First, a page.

The Latest: Bill to block Trump environmental changes passes
SACRAMENTO, Calif. (AP) — The Latest on action on the final day of the California Legislature (all times local):
California lawmakers have passed a bill aimed at blocking the Trump administration's efforts to weaken environmental laws.
The state Senate voted 26-14 early Saturday to send the bill to the governor's desk. The proposal would make it easier for state agencies to issue emergency regulations to counter the Trump administration's efforts to weaken federal environmental laws.
Critics say the bill will harm the state's complex delivery system of water for drinking and irrigation. But supporters say the rules are needed to curb President Donald Trump's executive actions that would harm endangered species.
Democratic Gov. Gavin Newsom has 30 days to decide whether to veto the bill, sign it into law or allow it to become law without his signature.
Lawmakers have sent Gov. Gavin Newsom a bill giving California newspapers a one-year delay on complying with a pending new employment law.
Newspapers dislike a bill on Newsom's desk that makes it harder for companies to treat workers as independent contractors. Many California papers rely on independent contractors to deliver newspapers and say the new law would hurt them financially.
Lawmakers have agreed to give them a one-year exemption.
Democratic Assemblywoman Lorena Gonzalez, the sponsor of the original bill , says newspapers have used employment law to deny carriers fair wages and benefits.
The California News Publishers Association and the state's largest newspapers pressed lawmakers for an exemption.
Gonzalez's legislation would also affect freelance journalists. They can remain contractors if they submit fewer than 35 pieces to a publication within a year.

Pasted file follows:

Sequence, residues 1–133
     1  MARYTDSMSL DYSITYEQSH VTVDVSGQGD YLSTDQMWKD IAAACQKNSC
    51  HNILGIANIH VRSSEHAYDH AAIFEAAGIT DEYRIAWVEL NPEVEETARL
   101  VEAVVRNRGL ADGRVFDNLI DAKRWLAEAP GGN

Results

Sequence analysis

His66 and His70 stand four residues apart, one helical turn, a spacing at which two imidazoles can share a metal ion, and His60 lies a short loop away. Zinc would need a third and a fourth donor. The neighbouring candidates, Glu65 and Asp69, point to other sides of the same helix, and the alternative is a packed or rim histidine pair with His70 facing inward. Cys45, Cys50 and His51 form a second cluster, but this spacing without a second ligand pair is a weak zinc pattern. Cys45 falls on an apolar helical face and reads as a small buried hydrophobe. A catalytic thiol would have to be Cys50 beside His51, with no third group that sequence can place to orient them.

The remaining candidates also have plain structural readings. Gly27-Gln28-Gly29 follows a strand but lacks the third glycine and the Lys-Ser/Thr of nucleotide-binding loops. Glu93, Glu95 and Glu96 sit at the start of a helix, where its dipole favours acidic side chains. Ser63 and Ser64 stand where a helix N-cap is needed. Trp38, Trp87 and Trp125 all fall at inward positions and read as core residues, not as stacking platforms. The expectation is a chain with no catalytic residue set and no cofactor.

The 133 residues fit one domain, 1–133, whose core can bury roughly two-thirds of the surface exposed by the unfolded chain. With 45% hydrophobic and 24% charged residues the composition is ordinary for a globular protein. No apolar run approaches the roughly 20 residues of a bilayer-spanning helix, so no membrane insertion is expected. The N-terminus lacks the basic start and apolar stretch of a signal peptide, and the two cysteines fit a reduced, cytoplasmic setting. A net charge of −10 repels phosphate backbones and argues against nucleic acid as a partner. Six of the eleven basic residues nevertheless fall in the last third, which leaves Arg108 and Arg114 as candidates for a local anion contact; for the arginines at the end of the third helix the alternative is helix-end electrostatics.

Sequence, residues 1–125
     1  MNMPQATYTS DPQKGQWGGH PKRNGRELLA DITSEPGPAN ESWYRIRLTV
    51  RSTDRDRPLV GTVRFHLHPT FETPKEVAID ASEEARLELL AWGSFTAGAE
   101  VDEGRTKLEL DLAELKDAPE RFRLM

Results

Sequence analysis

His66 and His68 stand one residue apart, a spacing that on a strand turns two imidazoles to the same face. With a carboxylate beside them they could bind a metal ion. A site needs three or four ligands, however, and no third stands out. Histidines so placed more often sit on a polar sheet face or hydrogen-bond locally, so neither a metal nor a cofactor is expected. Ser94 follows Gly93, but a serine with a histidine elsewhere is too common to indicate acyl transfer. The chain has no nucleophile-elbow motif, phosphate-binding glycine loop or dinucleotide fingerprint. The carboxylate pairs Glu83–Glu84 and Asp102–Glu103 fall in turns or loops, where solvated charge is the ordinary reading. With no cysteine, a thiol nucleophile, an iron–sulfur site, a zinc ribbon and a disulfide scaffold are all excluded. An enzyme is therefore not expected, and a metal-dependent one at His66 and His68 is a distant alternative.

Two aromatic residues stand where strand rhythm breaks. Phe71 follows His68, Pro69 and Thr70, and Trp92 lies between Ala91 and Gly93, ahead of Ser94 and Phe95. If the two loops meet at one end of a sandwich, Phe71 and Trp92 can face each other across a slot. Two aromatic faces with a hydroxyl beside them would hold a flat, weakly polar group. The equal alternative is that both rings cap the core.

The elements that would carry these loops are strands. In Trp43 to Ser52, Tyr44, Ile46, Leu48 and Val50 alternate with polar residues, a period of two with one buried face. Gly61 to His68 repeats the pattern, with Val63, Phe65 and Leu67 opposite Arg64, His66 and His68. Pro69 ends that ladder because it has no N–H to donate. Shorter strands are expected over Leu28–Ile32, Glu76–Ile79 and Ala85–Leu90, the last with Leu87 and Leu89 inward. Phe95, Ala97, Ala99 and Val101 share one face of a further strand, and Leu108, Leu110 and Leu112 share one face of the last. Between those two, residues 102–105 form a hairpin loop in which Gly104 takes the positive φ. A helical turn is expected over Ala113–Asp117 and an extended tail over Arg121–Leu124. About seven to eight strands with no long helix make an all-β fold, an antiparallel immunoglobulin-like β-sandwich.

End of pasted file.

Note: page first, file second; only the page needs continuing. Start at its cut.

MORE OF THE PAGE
Police in California say the item a woman threw onto the floor of the state Senate is a feminine hygiene product containing what appeared to be blood.
A news release from the California Highway Patrol said officers have arrested the woman on charges including assault, vandalism and disrupting the orderly conduct of official business at the state Capitol.
Police did not identify the woman or offer a motive, referring to her as a "demonstrator." But the act came as hundreds of protesters packed the Capitol to demonstrate against a recently passed law seeking to crack down on fraudulent medical exemptions for vaccinations.
The state Senate relocated to a committee room to complete its work.
California lawmakers are meeting in a committee room after a woman threw red liquid from the public gallery in the Senate chambers.
The Senate had just finished a vote Friday when a woman tossed a red liquid from the public gallery and declaring "that's for the dead babies."
Senators, staff and others cleared the room as authorities investigated.
Friday is the final day of the legislative session, and lawmakers have bills to debate before adjourning for the year. The Senate is scheduled to finish its work in a committee room.